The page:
It’s not that I don’t believe a mellow surf session is not something worthy of, um, consideration, it is just that my image of surfing has a tough time slipping seamlessly into even the idea (or is concept a better word choice?) that waves are gentle bundles of energy one can just float on, flow across, arms out, graceful, dancing from one subtle pose to another. And if one is sharing a wave? Beautiful.
And yet, despite my belief that every wave is critical, as capable of drowning as crowning another Prince or Princess, I have, occasionally, experienced… mellowness.
I think the last time was 1966, Tamarack. Somehow, and how is lost in the years, I was there, after school, sharing the water on a glassy (it’s the glassiness I remember almost most) afternoon, the tide and the wave size pushing each wave into a single takeoff/ride zone; with fifteen or so floaters and bobbers and riders and, yeah, me, barely-fifteen-years-old, kind of hoping there would be a wave I could catch. And ride. Alone.
And I stayed out until the sun, hanging in the dirty orange sky…
Yeah. Shit; I don’t actually remember if I got a wave; I was just happy to be there. I was happier the next day when a substitute teacher at Fallbrook High went on, in the most lyrical language, about how beautiful the sunset was at Tamarack the previous evening, with surfers floating and bobbing and… “I was out there. Tamarack. In the water.”
“Oh,” she said, sizing me up, “great.”
Great. Mellow. I cannot, with certainty, tell you if I got more than one ride. Oh, at least one.
So, there I was, recently, after spraying out a house and a shed, my work van squeezed into a spot on the water side of the pullout (and only because I talked a guy into moving his big-ass truck), looking at foggy/glassy high tide conditions, thirteen floaters and bobbers and rippers in the water, crowded, because of the wave size and the conditions, into another narrow takeoff/ride area.
I waited. I counted. 14. 13. 16. One of the guys two rigs over said, “I see you’re counting. What’s the number you’re looking for?” “Two, maybe; three.” “That’ll never happen.” “Oh, okay.”
Just for clarification, not me in the above photo. I gave up easily after searching “modern hipster camper rigs.” The ones the dude in this photo might want is… ewww, so fancy. VW camper vans and Subaru station wagons… make way. But, yeah; I do kind of, occasionally, consider how my big-ass painter van, if I ever could retire, maybe one of my friends who actually builds out vans, Reggie or Aaron, could… Yeah, I’m dreaming. A cooler and a seat that reclines; that will get me by.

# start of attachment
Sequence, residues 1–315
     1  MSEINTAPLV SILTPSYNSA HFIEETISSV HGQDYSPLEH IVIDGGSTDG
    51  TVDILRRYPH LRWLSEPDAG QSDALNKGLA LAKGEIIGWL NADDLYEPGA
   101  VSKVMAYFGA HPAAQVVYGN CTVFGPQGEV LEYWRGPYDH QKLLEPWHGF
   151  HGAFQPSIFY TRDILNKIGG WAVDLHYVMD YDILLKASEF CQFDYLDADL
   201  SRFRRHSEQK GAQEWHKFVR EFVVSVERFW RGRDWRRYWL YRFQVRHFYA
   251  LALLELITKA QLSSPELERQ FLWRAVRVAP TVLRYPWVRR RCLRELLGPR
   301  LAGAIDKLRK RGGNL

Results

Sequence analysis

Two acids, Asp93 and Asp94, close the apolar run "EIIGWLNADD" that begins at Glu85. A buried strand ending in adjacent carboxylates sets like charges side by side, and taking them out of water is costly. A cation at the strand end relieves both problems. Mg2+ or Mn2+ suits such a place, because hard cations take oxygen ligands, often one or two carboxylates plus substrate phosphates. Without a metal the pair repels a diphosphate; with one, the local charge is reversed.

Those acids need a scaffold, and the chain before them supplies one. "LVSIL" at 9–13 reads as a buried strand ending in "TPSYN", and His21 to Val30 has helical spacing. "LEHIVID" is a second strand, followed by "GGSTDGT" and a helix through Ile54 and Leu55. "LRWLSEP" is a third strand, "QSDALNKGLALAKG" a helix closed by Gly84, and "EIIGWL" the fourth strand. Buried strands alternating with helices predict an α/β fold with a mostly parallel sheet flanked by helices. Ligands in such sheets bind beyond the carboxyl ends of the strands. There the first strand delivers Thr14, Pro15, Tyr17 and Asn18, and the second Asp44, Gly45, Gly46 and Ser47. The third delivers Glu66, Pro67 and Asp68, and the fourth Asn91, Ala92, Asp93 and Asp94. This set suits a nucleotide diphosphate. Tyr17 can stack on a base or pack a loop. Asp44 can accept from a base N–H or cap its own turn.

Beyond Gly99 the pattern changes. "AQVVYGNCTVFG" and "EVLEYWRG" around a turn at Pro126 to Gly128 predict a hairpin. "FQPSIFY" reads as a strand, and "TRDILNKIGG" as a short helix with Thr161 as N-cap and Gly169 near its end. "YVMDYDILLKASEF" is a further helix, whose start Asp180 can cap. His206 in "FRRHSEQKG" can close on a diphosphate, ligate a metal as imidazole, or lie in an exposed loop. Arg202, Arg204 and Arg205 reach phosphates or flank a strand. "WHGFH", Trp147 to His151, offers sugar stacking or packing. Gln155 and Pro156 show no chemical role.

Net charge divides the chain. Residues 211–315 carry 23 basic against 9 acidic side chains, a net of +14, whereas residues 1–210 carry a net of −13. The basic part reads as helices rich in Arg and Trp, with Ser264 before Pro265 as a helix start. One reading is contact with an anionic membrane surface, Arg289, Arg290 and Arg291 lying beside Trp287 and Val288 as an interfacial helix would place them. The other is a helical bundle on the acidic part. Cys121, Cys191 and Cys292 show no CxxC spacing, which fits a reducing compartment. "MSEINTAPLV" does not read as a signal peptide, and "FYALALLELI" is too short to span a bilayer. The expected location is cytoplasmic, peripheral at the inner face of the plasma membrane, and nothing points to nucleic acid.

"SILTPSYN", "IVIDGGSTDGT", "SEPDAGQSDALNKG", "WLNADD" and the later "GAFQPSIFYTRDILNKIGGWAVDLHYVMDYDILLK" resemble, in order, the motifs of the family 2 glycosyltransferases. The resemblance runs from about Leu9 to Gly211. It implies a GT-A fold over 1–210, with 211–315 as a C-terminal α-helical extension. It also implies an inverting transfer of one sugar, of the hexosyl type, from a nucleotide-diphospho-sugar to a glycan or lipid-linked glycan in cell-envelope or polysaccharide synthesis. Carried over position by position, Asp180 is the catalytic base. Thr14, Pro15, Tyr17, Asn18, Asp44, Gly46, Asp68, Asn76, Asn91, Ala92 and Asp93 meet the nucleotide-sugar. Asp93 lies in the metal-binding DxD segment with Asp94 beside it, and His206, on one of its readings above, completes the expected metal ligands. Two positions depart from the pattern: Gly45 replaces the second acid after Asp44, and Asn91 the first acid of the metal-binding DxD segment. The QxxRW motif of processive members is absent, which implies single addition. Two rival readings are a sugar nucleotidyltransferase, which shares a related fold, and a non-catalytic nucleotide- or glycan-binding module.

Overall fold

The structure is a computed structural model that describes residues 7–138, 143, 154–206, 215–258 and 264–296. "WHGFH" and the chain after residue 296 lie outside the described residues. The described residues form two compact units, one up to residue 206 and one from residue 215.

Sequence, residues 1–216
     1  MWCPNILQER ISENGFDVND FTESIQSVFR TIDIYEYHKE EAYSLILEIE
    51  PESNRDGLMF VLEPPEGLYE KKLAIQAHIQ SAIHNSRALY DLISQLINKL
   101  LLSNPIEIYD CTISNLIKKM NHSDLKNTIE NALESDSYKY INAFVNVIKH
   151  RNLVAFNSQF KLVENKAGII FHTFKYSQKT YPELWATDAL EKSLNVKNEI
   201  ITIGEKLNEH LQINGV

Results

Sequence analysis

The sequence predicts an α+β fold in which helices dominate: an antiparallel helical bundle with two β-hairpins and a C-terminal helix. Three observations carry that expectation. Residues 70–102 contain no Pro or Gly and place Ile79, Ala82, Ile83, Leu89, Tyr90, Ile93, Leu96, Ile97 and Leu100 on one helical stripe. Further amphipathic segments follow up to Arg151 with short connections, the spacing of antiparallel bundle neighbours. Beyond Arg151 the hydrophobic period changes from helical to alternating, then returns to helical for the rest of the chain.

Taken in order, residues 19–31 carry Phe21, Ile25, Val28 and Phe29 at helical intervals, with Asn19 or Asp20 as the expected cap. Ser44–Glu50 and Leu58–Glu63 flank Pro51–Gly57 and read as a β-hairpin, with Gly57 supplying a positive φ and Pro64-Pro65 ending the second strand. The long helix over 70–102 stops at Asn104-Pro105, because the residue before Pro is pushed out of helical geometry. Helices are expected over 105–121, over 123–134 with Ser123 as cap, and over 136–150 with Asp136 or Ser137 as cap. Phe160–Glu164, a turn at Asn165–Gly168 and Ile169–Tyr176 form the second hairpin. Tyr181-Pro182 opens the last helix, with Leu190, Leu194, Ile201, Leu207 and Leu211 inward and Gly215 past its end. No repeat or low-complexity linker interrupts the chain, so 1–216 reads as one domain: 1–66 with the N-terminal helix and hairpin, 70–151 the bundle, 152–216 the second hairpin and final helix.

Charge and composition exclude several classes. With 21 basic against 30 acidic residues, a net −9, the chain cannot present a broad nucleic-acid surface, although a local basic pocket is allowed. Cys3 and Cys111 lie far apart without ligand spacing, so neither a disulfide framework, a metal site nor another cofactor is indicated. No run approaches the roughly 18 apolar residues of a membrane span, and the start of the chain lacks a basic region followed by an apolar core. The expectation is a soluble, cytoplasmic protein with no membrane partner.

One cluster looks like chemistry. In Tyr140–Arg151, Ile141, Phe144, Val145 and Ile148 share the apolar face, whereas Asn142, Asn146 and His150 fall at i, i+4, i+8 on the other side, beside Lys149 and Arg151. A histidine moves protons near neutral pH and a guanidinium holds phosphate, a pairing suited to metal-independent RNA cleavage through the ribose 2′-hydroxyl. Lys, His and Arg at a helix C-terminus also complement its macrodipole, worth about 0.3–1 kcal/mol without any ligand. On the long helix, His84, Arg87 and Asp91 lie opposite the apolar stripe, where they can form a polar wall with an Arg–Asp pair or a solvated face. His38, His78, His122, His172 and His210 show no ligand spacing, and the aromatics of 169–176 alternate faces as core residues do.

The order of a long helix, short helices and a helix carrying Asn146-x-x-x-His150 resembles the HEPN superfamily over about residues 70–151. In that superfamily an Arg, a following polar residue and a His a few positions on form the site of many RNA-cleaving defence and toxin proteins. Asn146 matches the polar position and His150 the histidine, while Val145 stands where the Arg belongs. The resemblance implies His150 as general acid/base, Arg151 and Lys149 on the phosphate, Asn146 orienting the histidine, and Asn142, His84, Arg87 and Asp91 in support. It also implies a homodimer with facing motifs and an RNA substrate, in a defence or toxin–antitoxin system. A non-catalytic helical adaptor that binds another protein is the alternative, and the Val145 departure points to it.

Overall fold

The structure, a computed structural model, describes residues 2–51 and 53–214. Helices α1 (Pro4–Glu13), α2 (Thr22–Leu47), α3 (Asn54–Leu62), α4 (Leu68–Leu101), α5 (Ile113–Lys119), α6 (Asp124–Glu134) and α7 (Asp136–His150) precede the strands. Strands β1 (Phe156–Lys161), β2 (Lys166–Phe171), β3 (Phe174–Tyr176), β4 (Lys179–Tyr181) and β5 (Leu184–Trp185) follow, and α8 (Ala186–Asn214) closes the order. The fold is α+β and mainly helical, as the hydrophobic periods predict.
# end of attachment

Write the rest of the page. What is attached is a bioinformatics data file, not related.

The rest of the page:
APREZ-SURF- So, it was dark, foggy, still thirteen in the water, and I’m sitting on this log, peeling out of my booties. This kid I saw in the water is changing-out, using his not-the-fanciest version of the stripping-out robe thing behind the camper parked next to me (one of at least two, maybe three people who arrived in this rig). I asked him how his session went. “Fun. It’s always fun. Isn’t it.”
I cannot say if I saw the kid catch many waves. “Yeah, it is,” I said. Mellow.
TOMORROW, TRESTLES- I was kind of hoping the WSL finals would go today so I could watch some of it while waiting for, and watching the SEAHAWKS. No. When it does go, Stephanie or Conner will have to surf five heats to win it all; Carissa and Gabriel only have to win one. I’m not sure why I root for a seven-time world champion and a (as far as I can determine) rich kid from Oprah’s neighborhood. If Kelly was rated number five, I would root for him.
To be clear, I have nothing against any of the contenders. I have watched enough of the WSL to feel as if I know something about them. I would be pretty thrilled Sally Fitzgibbons, so often runner up, actually won. There are a lot of scenarios. I will definitely hang around to watch the first two heats and check it out during my work day.
I’m hoping for something other than mellow.